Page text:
Alan Turing Pardon: Victory in sight!




Today is a huge step forward in the fight to get Alan Turing a pardon. Following a series of negotiations with the Government, my colleague Lord Sharkey moved the  Alan Turing (statutory pardon) Bill in the Lords.

I will be moving the same bill in the Commons. Given the all party support for the campaign, I fully expect the bill to be passed.

My EDM 225 Alan Turing can be found here:

http://www.parliament.uk/edm/2012-13/225
The e-petition to grant a pardon to Alan Turing has attracted over 35,000 signatures can be found here.  The e-petition was laid down by John Leech’s constituent Will Jones.

http://epetitions.direct.gov.uk/petitions/23526
Lord Sharkey’s Private Members Bill is below:

Alan Turing (Statutory Pardon) Bill

A Bill to pardon Alan Mathison Turing for his conviction on 31 March 1952 of offences contrary to section 11 of the Criminal Amendment Act 1885.

BE IT ENACTED by the Queen’s most Excellent Majesty, by and with the advice and
consent of the Lords Spiritual and Temporal, and Commons, in this present Parliament assembled, and by the authority of the same, as follows:—

1          Statutory Pardon of Alan Mathison Turing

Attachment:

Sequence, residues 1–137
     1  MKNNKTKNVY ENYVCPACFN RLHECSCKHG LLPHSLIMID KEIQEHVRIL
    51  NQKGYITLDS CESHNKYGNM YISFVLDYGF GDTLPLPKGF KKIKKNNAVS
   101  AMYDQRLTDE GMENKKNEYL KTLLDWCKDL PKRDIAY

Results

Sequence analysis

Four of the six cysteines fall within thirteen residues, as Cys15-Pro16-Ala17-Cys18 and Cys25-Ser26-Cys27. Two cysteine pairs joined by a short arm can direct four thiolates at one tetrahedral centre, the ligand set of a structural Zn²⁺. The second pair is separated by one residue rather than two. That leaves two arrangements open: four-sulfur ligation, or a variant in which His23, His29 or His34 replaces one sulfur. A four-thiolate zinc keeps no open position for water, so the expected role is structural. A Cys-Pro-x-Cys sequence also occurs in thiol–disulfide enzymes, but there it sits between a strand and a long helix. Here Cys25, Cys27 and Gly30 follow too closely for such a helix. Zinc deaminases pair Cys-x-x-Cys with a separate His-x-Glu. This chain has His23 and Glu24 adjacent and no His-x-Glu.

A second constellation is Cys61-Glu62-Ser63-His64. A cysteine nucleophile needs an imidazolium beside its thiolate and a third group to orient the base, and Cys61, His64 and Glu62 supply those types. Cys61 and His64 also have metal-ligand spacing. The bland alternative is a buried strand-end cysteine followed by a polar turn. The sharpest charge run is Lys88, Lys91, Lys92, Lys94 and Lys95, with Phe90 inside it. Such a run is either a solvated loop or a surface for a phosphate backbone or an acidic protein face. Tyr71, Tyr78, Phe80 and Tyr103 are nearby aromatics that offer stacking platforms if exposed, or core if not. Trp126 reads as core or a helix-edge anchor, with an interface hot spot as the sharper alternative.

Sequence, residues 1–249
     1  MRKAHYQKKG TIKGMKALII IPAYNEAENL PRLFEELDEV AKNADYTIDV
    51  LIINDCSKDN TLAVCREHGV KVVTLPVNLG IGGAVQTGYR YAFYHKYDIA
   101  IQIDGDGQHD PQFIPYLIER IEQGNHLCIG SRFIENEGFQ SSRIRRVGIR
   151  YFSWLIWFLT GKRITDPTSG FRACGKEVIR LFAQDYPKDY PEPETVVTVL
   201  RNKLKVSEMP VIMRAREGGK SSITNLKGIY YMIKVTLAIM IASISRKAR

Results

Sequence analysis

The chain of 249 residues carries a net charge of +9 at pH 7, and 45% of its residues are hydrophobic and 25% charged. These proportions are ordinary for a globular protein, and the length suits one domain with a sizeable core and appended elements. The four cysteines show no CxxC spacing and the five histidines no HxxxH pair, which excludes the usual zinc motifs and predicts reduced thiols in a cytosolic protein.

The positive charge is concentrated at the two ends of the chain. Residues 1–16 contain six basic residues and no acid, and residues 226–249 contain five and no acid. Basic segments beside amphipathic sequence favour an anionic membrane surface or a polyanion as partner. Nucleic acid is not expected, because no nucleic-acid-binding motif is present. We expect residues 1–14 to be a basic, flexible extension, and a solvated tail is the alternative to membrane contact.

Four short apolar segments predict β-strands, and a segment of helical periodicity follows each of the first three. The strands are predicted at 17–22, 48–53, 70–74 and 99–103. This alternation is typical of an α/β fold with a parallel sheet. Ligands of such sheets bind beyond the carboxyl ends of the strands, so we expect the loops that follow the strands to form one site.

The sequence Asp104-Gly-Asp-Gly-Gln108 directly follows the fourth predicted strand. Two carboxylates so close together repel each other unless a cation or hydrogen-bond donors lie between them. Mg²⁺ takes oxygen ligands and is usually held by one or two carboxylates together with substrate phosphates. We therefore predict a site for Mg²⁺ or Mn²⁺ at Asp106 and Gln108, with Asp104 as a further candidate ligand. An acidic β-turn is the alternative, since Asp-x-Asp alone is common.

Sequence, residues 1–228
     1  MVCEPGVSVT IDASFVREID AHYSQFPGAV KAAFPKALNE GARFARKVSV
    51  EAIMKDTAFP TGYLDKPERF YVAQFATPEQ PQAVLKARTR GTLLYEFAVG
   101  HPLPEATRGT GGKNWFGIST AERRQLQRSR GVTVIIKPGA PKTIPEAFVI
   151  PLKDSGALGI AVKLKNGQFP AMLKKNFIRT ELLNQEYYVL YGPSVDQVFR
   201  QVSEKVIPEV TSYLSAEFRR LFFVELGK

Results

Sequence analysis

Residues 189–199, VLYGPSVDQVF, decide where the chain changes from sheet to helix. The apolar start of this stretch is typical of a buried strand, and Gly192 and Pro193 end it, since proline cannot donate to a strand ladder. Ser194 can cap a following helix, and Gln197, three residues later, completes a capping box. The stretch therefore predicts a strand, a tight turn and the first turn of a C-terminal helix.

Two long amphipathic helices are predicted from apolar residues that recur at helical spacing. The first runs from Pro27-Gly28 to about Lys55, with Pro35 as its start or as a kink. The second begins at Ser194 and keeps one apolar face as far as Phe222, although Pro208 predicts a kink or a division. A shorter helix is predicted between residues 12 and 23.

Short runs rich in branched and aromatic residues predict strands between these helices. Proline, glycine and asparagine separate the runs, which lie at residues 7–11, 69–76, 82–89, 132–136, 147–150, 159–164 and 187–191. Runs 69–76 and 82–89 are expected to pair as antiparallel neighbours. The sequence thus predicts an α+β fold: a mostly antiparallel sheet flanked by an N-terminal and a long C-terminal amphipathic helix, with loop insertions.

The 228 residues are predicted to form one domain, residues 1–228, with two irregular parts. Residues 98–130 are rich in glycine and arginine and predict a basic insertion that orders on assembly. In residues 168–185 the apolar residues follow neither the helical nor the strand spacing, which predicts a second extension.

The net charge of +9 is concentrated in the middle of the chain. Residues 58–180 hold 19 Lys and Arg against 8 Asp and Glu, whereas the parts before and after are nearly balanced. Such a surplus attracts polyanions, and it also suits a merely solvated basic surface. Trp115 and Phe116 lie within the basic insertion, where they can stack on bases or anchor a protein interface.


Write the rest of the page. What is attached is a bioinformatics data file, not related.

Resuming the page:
(1)     Alan Turing is taken to be pardoned in respect of the offences under section 11  of the Criminal Law Amendment Act 1885 (gross indecency between men) of which he was convicted at the Quarter Sessions at Knutsford, in the County of Cheshire,  on 31 March 1952.

(2)      In this section “Alan Turing” means Alan Mathison Turing, who was born on 23 June 1912, the son of Julius Mathison Turing and Ethel Sara Turing,  and who died on 8 June 1954.

(3)       This Act does not—
(a)       affect any conviction or sentence;
(b)       give rise to any right, entitlement or liability; or
(c)        affect the prerogative of mercy.

2          Short title, commencement and extent
(1)       This Act may be cited as the Alan Turing (Statutory Pardon) Act 2012.
(2)       This Act comes into force on the day on which this Act is passed.
(3)           This Act extends to England and Wales.

Share this post on social media:

Sign in with Facebook, Twitter or Email.